The Case of Napster Case Study by Peter Pen

The Case of Napster
This paper discusses the case of Napster, an Internet music sharing company, which was forced by the courts and by the Recording Industry Association of America (RIAA) to cease operations.
# 56775 | 2,455 words | 9 sources | MLA | 2005
Published on Mar 15, 2005 in Law (Business) , Law (Historic Trials) , Computer and Technology (General)

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This paper explains that the Recording Industry Association of America (RIAA) argued that Napster was infringing on copyright and illegally copying, distributing or "bootlegging", and downloading the copyrighted products of musicians. The author points out that the problem of pirating copyright material is not new; but the combination of the Napster technology, the Internet, and the ability of individuals to burn their own CDs off the Internet made pirating very easy, with digital sound quality just like the store bought merchandise. The paper relates that Napster, which is now owned by Roxio, Inc., the software inventor of many well-known CD-burning programs, is a subscription-based service that charges 99 cents per downloaded song; other peer-to-peer networks seem still to be striving.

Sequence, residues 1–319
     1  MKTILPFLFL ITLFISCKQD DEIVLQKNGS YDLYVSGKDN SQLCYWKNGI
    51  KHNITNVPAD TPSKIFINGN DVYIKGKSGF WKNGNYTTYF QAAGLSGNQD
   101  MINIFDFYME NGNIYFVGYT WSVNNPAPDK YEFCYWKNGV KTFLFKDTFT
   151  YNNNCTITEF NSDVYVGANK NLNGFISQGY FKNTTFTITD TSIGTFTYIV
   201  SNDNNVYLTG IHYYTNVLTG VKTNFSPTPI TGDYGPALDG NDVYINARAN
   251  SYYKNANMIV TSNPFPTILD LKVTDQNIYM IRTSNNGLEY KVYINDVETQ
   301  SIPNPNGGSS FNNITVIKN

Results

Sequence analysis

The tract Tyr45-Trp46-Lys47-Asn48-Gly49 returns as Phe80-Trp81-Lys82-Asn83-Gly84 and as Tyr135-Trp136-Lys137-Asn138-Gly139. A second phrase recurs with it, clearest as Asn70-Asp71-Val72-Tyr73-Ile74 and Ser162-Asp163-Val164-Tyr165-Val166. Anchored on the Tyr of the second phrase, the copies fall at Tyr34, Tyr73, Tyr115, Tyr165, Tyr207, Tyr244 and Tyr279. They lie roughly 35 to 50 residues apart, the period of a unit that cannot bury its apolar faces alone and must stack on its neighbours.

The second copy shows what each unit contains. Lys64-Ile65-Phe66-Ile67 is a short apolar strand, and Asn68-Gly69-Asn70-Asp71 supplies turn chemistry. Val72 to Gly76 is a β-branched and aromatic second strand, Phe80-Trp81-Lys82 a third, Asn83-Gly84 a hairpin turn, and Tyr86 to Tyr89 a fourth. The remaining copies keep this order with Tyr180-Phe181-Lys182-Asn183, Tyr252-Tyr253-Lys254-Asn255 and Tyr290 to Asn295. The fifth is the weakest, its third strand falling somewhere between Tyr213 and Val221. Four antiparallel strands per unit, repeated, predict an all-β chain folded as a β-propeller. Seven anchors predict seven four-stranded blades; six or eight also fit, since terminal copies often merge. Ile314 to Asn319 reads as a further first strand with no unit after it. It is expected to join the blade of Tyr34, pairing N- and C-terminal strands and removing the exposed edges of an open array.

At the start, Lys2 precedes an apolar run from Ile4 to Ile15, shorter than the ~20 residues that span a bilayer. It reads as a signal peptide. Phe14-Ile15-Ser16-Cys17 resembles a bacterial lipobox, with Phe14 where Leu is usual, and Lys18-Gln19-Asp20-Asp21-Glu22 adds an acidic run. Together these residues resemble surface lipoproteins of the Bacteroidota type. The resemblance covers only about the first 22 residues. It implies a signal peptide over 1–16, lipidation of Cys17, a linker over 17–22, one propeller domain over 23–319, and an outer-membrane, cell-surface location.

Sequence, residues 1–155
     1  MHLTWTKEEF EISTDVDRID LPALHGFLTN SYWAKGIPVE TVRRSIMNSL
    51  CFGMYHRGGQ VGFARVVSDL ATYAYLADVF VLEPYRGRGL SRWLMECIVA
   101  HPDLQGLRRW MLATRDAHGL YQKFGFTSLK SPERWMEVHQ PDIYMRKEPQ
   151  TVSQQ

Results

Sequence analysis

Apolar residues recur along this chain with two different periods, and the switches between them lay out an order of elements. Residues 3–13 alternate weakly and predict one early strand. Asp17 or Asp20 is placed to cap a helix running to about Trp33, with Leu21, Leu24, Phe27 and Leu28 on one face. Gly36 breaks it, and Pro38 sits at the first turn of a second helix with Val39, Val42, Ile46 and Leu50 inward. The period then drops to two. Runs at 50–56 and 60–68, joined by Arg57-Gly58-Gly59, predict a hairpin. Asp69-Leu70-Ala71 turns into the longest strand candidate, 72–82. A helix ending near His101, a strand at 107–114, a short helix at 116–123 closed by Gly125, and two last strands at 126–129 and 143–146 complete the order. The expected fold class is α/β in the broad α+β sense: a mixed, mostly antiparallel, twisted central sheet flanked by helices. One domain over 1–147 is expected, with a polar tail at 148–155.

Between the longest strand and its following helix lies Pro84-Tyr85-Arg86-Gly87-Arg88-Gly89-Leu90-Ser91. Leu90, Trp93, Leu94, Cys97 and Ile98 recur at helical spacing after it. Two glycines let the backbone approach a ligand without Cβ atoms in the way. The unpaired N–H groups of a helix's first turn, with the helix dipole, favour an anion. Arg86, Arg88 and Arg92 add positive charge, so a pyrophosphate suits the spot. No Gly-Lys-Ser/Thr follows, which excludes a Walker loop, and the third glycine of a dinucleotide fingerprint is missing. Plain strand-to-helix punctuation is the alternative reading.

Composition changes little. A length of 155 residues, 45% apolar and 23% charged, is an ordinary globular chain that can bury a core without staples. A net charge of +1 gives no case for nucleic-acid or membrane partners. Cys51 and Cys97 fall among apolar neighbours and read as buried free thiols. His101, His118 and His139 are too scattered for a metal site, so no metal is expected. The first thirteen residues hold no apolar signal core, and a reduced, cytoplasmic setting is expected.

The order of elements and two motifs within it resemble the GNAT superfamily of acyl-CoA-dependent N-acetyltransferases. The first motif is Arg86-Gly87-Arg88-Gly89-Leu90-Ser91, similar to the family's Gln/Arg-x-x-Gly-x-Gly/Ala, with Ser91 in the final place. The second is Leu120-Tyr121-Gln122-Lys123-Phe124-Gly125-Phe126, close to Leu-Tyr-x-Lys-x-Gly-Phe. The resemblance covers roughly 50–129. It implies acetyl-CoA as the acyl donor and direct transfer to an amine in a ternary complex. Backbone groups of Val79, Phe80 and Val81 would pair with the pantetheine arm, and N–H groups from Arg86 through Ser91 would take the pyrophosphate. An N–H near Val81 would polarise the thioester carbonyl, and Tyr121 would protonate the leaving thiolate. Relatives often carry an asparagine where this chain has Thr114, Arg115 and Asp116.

From the Paper:

"Napster offered its users the opportunity to access music files held on every other users' hard drive. This, in turn, meant that users could download to their hard drive, and then burn to a Compact Disc (CD) if they so desired, literally hundreds of thousands of pieces of music. This threatened the producers of music (the musicians) and the copyright holders, the media companies, such as AOL Time Warner, Vivendi Universal, EMI and others. The revenue they generate by selling Compact Discs and tapes was threatened because Napster users could now obtain music and compile a music library without actually purchasing product from the companies themselves."

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